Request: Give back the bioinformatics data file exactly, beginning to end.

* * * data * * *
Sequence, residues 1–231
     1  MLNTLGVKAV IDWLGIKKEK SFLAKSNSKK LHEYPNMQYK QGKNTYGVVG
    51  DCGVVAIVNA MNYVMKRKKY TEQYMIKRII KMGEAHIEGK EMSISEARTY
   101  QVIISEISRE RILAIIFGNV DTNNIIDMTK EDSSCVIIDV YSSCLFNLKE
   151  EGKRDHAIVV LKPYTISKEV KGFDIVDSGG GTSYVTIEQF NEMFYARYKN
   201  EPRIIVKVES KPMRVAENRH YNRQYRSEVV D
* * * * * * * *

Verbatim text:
Sequence, residues 1–231
     1  MLNTLGVKAV IDWLGIKKEK SFLAKSNSKK LHEYPNMQYK QGKNTYGVVG
    51  DCGVVAIVNA MNYVMKRKKY TEQYMIKRII KMGEAHIEGK EMSISEARTY
   101  QVIISEISRE RILAIIFGNV DTNNIIDMTK EDSSCVIIDV YSSCLFNLKE
   151  EGKRDHAIVV LKPYTISKEV KGFDIVDSGG GTSYVTIEQF NEMFYARYKN
   201  EPRIIVKVES KPMRVAENRH YNRQYRSEVV D